With Cyberpunk 2077 delayed yet again, are you looking for another futuristic dystopia to occupy your time? Ion Lands’ Cloudpunk might just be the game to fill that gap, albeit for a far shorter period of around 10-15 hours. Nicalis is one of few remaining cities in the clouds. It’s a voxel metropolis of contrasts, with skyscrapers displaying vast wealth found not far from rundown slums. Maybe in the daylight it’d look a bit more inviting; the game takes place on a night when it never stops raining. The many neon adverts and bright lights are the only contrast to the bleak grey void that surrounds the city.
To add to the oppressive atmosphere, Nicalis is full of people down on their luck, like Rania. She’s a driver working her first night shift for illicit delivery service Cloudpunk. Having moved to the city to escape crushing debt, she’s just trying to make ends meet. Unfortunately nobody expects her to survive her first night. Throughout the city, traffic collisions between the many flying vehicles are becoming far more frequent. Drivers are amongst the many people who are disappearing without trace. The mantra to get through the night is to complete deliveries and don’t ask questions!
Cloudpunk Review – A Bleak City in the Sky
Things begin simply. After her gruff call handler introduces himself, Rania is dispatched to pick up her first package from Cloudpunk HQ. Her destination is a different area of the city, but on the way there the problems start to appear. The introductory conversation with her call handler began all over again and the mission was duplicated in her to-do list, but the mission can only be completed once. It wasn’t a good start.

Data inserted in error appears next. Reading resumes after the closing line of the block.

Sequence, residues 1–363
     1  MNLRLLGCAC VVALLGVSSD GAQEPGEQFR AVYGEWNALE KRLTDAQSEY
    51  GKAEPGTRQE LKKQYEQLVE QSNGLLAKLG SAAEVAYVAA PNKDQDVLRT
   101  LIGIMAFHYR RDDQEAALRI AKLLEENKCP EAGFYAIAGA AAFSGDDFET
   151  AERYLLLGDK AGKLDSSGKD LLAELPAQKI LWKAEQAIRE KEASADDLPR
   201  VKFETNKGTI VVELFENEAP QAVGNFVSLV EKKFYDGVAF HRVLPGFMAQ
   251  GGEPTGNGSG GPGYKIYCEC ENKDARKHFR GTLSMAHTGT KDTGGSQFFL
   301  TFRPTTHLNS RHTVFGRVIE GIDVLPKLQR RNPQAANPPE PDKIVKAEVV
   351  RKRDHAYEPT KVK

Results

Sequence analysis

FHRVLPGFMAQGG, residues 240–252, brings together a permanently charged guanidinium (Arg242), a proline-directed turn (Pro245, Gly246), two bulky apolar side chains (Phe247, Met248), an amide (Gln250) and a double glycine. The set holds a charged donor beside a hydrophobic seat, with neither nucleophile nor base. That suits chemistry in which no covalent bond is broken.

The bug didn’t prevent story progression, but it seems I was lucky. To prevent any issues further down the line, I restarted my game. The bug failed to appear the second time and I continued past the first mission. A patch has since been released to address this and other pressing issues, and I never encountered the bug after this occasion.
As a delivery driver, most of the game’s missions involve taking packages from A to B. Despite the oppressive atmosphere of the city, the driving can actually be quite relaxing. Missions certainly never reach the frantic pressure of Crazy Taxi as they’re rarely timed. If anything, you spend more time than necessary sitting around. The game doesn’t reveal the next location until Rania has finished her unskippable conversation with the dispatcher. Talking and driving is obviously too dangerous, even for an illicit delivery service.
Not all your time is spent driving around. Rania’s HOVA vehicle can’t be abandoned wherever she pleases; it has to be parked in a designated parking spot before she can get out to pick up/deliver packages. While all driving takes place in third person, on foot the camera can be altered from third to first person. I rarely found this necessary, although third person did give a strange impression of the character moonwalking if the environment wasn’t quite lined up squarely with the direction of movement.
Cloudpunk Review – What’s in the Box?